How to Practice Gratitude

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Human beings have a problem: we lean towards ingratitude. The first time we acquire a new cellphone, vehicle, partner, or anything else, we feel very happy and excited about it. However, it doesn’t take long for us to start to look at the very thing that gave us a dopamine rush and, instead of feeling happy about it, feels like we want something better. Why is this the case? And how can we best practice gratitude?

“Man is fond of counting his troubles, but he does not count his joys.”

Fyodor Dostoevsky

Our Obsession With Negativity

Why are human beings so obsessed with negativity? A person could have hundreds of blessings only to get upset at the one thing that they don’t have. Let’s consider our evolution.

Fundamentally, humans are organisms, and all organisms have the desire to survive. When placed in a situation where danger is present, the natural inclination for all organisms is to act in a way to maximize survival. Of course, there are mechanisms, particularly in humans, that allow us to override this base drive to survive. Otherwise, war would essentially be impossible.

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Moral psychologist Jonathan Haidt believes that humans have a “switch” that allows us to act more like bees, prioritizing group survival and legacy over our individual survival. This, he also believes, is the religious sentiment.

Whether we are concerned at any given time about our survival or the group's survival, it makes logical sense that we would naturally gravitate towards detecting danger as opposed to feeling grateful for the good things that we do have. After all, what evolutionary advantage is there to feeling good about the clothing that you have on when you already have it? Would it not make more sense to, instead, focus on what you don’t have so that you can go out and get it?

That is how evolution thinks about such things, but when we consider how best to flourish as human beings, we no longer have the same priorities. Of course, survival is most likely still a high priority, but in our everyday lives, constantly being dissatisfied with your lack of possessions and/or relationships isn’t a recipe for flourishing in the modern world.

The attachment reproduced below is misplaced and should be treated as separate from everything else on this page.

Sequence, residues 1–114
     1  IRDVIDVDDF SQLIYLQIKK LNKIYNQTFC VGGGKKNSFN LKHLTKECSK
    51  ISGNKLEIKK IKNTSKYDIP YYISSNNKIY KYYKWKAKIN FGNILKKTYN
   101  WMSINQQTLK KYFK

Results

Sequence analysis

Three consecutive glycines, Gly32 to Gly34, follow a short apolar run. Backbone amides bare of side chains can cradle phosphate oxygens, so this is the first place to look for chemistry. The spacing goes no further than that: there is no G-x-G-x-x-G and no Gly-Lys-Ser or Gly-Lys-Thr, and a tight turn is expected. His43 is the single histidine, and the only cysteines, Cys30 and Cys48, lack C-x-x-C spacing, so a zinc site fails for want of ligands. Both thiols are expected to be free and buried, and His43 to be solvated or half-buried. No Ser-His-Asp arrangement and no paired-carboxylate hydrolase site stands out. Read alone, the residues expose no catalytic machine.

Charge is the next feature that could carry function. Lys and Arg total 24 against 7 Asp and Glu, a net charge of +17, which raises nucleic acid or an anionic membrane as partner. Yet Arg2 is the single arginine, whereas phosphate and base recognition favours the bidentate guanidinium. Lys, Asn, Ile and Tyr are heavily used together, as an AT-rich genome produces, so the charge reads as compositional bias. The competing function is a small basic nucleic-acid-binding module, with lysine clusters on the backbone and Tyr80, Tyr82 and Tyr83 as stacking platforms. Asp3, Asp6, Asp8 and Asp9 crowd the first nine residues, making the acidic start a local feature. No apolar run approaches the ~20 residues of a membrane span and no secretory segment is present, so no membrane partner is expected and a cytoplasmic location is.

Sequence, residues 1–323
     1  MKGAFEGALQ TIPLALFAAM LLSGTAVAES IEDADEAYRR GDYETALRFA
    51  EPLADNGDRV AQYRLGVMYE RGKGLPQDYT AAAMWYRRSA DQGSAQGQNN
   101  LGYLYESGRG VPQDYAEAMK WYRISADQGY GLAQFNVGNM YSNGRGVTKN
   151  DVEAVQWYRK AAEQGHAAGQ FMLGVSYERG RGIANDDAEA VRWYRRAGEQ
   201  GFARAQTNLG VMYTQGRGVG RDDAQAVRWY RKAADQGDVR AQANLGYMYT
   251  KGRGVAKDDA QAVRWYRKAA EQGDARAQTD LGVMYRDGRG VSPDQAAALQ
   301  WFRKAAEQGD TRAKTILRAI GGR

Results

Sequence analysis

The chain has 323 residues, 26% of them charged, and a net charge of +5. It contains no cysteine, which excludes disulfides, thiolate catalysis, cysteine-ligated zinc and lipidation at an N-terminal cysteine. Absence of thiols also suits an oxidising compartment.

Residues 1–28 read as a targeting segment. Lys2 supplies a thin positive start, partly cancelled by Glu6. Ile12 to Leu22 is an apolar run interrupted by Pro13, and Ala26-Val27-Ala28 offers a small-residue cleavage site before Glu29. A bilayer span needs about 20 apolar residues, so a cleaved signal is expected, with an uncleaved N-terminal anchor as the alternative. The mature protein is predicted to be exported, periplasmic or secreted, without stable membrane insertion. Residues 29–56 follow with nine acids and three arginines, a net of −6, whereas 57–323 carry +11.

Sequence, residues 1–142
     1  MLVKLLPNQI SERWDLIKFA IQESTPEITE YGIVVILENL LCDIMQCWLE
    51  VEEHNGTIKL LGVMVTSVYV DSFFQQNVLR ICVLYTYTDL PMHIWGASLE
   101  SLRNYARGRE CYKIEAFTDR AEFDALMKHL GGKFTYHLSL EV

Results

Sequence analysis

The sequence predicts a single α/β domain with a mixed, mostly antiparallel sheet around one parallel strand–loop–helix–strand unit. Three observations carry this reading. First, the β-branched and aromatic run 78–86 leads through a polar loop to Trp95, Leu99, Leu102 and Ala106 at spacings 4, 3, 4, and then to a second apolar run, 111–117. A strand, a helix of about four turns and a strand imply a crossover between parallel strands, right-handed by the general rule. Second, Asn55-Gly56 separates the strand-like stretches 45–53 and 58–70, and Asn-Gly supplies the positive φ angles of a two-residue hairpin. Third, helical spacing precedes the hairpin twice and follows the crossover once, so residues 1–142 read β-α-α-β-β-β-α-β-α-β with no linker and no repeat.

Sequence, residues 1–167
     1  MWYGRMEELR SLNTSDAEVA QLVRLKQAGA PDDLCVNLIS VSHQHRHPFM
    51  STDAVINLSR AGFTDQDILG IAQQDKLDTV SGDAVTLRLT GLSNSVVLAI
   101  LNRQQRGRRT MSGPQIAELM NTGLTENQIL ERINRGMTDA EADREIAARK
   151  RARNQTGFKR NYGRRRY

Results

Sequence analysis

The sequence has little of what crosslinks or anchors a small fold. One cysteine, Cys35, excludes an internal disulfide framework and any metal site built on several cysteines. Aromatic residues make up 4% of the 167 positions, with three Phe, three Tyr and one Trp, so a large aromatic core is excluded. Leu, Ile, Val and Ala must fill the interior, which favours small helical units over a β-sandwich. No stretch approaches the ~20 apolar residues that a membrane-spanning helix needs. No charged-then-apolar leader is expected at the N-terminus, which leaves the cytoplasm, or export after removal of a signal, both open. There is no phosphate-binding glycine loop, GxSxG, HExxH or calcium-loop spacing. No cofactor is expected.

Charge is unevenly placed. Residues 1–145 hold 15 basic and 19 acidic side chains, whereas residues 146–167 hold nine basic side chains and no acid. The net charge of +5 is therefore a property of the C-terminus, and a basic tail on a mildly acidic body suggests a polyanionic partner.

The fact is that many of us already have everything we need to survive — shelter, food, water, relationships, etc. In such a situation, these psychological mechanisms instead tell us to be unhappy with our 2016 car when our neighbour is driving a new 2022 car.

Gratitude: The Antidote to Ingratitude

It may sound obvious (because it is), but the antidote to ingratitude is practicing gratitude. Despite its obviousness, it is curious that many of us fail to incorporate this into our daily lives. Perhaps the reason is that gratitude is a practice. That is, it’s something that you must practice regularly with the knowledge that you’ll never be perfect at it, and you’ll inevitably miss the mark.

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Practically, this can look like a gratitude journal where you write about what you are thankful to have. It could also look like a date night with your partner where you reflect on what you love about each other as opposed to focusing on the cups that they continue to leave uncleaned in the sink.

I’ve found that I seem to naturally feel very grateful on Friday nights when I’ve had a good week (defined mostly by how my character was that week). Part of this, I’m sure, is out of habit; I’ve been making it a practice on Friday nights to relax, wind down, and feel grateful for what I have.

Closing Remarks

Many practices in any philosophical way of life don’t come naturally to us, but that’s exactly why it’s called a practice! By incorporating gratitude in your daily and weekly life, you’ll find that, even though you will absolutely miss the mark sometimes, you will get better at it over time. And that is a habit that can most certainly help you flourish.

Thanks for reading. If you’re interested in learning more, listen to similar reflections on The Strong Stoic Podcast wherever you listen to podcasts.



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